On the other hand, the government and the FBI agents that conducted the interviews with Mr. Ho’s consultants have sprinkled in questions about possible security concerns, given that the plutonium produced at commercial nuclear power plants can be used for military purposes.“Our idea of how China works, is that at the end of the day, whatever’s good for commercial is also good for military,” the federal agent told Mr. Ho after his arrest.

That dynamic is the focus of the Atomic Energy Act, a law passed in 1954 that guides how the U.S. balances the promotion of nuclear trade in the electric sector with the goal of keeping nuclear proliferation at bay.

There are 50 countries for which a special authorization is not required. For all others — including China — activities ranging from document transfers and e-mails to the “transfer of knowledge and expertise” in the area of nuclear reactors call for special permission from the Secretary of Energy.

George Rudy, who consulted for Mr. Ho, told an FBI agent on April 15 that Mr. Ho didn’t seem to understand the logic behind the authorization rules. “He felt that the requirements were the NSA and DOE trying to impede his progress,” Mr. Rudy told the FBI.

A 2014 Government Accountability Office report looking at how the Department of Energy handles the special authorization statute found that U.S. nuclear firms and the Nuclear Energy Institute commonly felt the requirements and the long approval times put U.S. firms and the interest of commercial nuclear development at a disadvantage to suppliers in other countries.

It’s OK for Westinghouse………

China’s nuclear ambitions are second to none. It is gobbling up Western nuclear technology and expertise, and developing its own in service of an aggressive plan to build dozens of reactors in the next decade.

“This whole thing doesn’t make any sense, because Westinghouse sold AP1000 reactors to China along with all of their proprietary information,” Mr. Rombough said this month. “If doing nuclear reactors in China is so off limits, why did they allow Westinghouse to do that?”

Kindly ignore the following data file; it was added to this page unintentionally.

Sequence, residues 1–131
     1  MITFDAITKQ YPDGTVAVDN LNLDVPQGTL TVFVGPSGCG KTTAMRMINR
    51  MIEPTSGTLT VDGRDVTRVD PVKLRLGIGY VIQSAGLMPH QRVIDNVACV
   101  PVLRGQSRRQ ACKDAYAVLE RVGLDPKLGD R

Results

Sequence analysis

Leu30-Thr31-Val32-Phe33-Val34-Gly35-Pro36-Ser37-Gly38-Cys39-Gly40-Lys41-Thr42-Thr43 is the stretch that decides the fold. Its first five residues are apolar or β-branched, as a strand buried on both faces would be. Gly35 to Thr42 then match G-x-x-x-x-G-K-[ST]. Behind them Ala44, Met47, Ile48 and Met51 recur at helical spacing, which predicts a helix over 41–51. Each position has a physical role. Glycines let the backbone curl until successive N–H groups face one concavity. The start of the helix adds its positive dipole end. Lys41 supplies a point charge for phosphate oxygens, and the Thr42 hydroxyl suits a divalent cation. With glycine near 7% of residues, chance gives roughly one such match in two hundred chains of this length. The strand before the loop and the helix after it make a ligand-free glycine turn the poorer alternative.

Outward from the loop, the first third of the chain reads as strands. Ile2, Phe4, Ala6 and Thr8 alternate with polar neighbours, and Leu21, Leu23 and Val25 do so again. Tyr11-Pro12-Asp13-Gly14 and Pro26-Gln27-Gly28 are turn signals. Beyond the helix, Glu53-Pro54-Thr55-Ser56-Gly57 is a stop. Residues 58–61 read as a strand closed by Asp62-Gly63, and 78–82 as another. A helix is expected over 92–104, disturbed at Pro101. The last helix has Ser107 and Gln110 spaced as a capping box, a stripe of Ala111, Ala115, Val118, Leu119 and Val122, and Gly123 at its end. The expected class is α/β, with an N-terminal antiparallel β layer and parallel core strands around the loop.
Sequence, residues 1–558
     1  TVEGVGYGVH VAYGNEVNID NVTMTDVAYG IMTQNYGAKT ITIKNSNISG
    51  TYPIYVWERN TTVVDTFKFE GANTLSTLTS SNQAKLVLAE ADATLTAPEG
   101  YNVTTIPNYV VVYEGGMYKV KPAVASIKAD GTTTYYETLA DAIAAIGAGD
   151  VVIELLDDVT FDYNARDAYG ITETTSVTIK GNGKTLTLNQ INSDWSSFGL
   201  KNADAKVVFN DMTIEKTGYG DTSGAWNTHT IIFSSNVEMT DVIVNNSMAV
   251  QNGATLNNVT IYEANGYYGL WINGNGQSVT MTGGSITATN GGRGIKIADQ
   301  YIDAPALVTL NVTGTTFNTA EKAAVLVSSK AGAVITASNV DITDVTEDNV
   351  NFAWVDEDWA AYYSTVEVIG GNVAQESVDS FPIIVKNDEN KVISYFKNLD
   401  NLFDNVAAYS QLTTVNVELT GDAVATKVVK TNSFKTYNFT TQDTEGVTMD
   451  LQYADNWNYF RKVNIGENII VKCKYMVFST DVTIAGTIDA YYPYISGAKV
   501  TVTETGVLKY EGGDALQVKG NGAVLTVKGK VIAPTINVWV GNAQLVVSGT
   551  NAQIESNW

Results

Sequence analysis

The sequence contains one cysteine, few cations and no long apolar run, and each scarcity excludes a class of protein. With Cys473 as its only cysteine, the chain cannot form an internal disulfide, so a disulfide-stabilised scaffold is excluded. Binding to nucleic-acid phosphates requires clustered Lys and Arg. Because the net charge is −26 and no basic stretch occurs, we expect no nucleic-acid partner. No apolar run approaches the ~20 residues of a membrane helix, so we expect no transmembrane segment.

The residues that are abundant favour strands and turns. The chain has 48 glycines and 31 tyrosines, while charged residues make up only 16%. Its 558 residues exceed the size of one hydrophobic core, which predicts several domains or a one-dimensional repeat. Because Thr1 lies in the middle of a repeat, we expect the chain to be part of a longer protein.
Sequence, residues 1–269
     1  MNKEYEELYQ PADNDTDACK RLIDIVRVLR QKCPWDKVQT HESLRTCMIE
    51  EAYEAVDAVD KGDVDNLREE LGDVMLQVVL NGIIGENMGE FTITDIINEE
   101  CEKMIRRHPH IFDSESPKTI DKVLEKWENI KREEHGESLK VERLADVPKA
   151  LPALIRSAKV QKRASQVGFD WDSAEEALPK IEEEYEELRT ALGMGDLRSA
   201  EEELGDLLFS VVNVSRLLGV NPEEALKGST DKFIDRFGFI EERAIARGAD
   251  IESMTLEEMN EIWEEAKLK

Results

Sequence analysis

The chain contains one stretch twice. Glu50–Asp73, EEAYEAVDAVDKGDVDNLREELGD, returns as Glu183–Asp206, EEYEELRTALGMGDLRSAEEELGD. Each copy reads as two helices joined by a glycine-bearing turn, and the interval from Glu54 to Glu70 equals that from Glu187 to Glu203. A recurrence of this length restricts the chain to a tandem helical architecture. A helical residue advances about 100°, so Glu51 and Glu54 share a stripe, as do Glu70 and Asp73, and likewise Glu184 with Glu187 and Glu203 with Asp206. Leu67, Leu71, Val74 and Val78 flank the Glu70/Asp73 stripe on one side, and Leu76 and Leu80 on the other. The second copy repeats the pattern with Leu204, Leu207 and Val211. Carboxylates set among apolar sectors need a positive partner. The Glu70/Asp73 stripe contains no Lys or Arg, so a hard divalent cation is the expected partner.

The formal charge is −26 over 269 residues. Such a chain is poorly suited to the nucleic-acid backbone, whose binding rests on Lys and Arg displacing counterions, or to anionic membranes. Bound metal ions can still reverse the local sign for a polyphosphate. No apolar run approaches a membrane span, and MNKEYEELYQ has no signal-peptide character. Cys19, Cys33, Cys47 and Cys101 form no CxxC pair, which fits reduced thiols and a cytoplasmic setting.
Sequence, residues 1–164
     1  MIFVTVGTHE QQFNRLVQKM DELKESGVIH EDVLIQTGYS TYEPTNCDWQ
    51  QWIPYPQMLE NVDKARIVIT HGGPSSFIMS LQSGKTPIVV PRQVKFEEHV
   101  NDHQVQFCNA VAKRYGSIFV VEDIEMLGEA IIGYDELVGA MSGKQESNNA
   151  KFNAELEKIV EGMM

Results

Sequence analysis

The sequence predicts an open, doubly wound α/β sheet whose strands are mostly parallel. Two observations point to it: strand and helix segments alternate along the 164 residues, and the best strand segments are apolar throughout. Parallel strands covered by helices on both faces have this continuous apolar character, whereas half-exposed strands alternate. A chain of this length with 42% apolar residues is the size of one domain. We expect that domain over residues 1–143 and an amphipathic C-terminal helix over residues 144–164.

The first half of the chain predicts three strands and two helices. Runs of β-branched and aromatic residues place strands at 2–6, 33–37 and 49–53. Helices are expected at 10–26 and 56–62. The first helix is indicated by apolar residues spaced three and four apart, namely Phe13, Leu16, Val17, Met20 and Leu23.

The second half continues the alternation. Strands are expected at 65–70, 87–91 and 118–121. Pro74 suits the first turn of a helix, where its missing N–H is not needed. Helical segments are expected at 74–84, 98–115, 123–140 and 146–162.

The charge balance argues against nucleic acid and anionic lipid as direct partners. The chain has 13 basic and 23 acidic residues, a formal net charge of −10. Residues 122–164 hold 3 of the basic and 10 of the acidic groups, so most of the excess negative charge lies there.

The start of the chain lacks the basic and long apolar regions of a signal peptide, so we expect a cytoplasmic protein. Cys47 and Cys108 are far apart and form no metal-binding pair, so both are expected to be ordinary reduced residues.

David Seel, another retired Westinghouse engineer, told FBI agents in April that his concerns “were mitigated by the assumption (Westinghouse’s) presence in China and AP1000-related business dealings illustrated consulting such as his was not prohibited.”………

While he declined to speak about Mr. Ho’s case in detail, Mr. Zeidenburg said it “falls into a long and depressing line of cases where the Department of Justice has arrested a Chinese-American first and asked questions later.”

In court filings, he has argued that the government — unable to find an espionage statute that sticks — has tried to “shoehorn” Mr. Ho’s legitimate commercial work into a statute that has never been tested in court.

Mr. Ho’s trial is scheduled to begin in January.

Anya Litvak: or 412-263-1455.

September 16, 2016 Posted by | civil liberties, secrets,lies and civil liberties, USA | Leave a comment

Nuclear lobby sees decommissioning of reactors as the new financial bonanza

Future nuclear supply chain worth billions, report finds, WNN 14 September 2016 “……..The market for decommissioning is also substantial, with decommissioning work on projects involving immediate dismantling by 2035 potentially worth up to $111 billion. This includes at least $12.4 billion as the estimated cost for cleaning up the Fukushima Daiichi site, and at least $24.2 billion for decommissioning as Germany moves to phase out its nuclear power plants.


Eleven consolidated technology vendors from Canada, China, France, India, Japan, Russia and the USA today offer their services across much of the nuclear fuel cycle, and other significant technology vendors – such as BWX Technologies, Doosan and OMZ-Skoda – are internationally active. Each has built up a supply chain that is increasingly global in scope, and the leading vendors are, for the most part, internationally diversified in terms of their corporate make-up and supplier base…..